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Date Created: 12/21/15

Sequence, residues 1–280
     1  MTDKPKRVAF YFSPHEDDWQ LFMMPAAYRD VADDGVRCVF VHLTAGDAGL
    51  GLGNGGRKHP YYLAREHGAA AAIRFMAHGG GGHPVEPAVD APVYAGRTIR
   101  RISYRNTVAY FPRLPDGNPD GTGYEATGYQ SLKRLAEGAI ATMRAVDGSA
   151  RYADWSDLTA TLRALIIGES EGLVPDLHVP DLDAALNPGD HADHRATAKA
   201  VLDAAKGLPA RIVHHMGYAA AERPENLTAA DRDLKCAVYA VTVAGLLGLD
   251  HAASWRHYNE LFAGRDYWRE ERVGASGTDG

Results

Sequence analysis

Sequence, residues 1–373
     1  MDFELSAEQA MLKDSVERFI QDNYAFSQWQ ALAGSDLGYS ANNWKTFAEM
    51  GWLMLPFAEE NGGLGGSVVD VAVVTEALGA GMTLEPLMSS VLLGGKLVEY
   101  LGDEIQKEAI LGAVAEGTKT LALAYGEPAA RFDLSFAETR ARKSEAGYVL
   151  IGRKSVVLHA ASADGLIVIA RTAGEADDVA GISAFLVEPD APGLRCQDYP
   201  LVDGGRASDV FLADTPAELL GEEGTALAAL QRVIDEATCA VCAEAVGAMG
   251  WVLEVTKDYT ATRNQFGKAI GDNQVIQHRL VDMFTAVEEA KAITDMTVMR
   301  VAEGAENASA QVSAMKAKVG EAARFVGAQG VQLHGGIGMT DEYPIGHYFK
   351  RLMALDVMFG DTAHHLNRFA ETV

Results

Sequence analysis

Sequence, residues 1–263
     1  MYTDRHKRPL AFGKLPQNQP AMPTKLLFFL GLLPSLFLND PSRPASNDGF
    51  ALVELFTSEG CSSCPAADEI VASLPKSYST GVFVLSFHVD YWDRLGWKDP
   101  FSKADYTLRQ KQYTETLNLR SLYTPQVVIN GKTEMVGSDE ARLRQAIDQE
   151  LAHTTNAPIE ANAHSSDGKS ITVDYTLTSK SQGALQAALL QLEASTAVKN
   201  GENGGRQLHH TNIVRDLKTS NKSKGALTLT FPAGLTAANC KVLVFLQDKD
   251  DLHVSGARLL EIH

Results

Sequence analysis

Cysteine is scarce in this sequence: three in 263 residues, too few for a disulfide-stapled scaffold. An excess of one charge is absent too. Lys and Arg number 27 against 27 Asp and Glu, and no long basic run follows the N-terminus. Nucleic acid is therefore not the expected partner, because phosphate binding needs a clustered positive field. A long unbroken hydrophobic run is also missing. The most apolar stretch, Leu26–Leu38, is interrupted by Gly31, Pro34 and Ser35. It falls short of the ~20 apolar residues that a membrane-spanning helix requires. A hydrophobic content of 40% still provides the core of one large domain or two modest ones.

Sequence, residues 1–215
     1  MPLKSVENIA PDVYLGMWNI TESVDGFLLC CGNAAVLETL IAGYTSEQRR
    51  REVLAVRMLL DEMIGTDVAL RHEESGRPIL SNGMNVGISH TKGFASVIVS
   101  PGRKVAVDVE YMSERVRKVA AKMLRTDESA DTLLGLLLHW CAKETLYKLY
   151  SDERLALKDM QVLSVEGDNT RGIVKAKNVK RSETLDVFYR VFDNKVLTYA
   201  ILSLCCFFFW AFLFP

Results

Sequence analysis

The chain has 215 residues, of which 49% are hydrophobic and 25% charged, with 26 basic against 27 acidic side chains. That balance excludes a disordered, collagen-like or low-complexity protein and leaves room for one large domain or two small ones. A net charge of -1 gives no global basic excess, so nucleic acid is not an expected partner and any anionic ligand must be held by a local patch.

Family Tax Credits and Deductions for 2014 Learning the ins and outs of the tax credits and deductions you are eligible for can get a bit confusing. By understanding the difference between a tax credit and deduction you may be able to adjust your tax bracket, increase your annual refund, or reduce the amount you owe. Below is a closer look at the difference between tax deductions and credits. Tax Credits Tax credits are dollar-for-dollar amounts that you can deduct from the taxes you owe. Tax credits are further broken down into 2 categories—refundable and non-refundable. A non-refundable tax credit may decrease or potentially eliminate the amount of taxes you owe, but if the sum of your tax credit leaves you paying more than you owed you will not be eligible for a tax refund of the amount you have overpaid. However a refundable credit it is just the opposite and if your credits leave you paying more than you owed your overpayment will be returned. The most common tax breaks for families are Earned Income Credit, Child Tax Credit, and Child and Dependent Care Credit. Here is a brief explanation of each: • Earned Income Credit: This amount is determined by your income and number of qualified dependants. This can result in a large credit for you and your family. For example in 2012 a family of 3 qualified dependants received a credit of over $5,800. • Child Tax Credit: This credit is for parents in qualifying tax brackets but can result in an additional $1,000 annually for each qualified dependents. • Child and Dependent Care Credit: If you incur child care expenses for your dependants under the age of 13 you may be eligible to receive credit for up to 35% of your child care expenses while you are in school or at work. This credit has a maximum of $3,000 for 1 qualified dependent and $6,000 for 2 or more. • Adoption Credit: If you adopted a child during the tax year you may be eligible for a credit of up to $12,650. Tax Deductions A tax deduction is an amount that can be applied to your annual earnings that may place you in a lower tax bracket. A few deductions that can lower your tax table bracket and annual earnings are below. • Exemptions for Dependents: If you have a qualified dependant you may be eligible for an exemption of $3,800 with your taxes. You must be able to provide a valid social security number for any qualified dependants for this exemption. • IRA Deductions: Each year the amount of this deduction varies but you may deduct some of your IRA contributions. For example in 2012 you were able to deduct up to $5,000. • Charitable contributions: When you make donations to any charitable organizations you may save the receipts and records of your donation to deduct from your annual earnings. This can include cash donations or donations of supplies you purchased or donated to help a non-profit organization? • Personal Property Taxes: Most fees that you pay for local and state property tax can be deducted from your annual earnings. If you need assistance determining which credits and deductions you are eligible for? The best bet is to visit TurboTax online to get the very latest tax information. You may also like to use their free tax refund calculator while you’re there.
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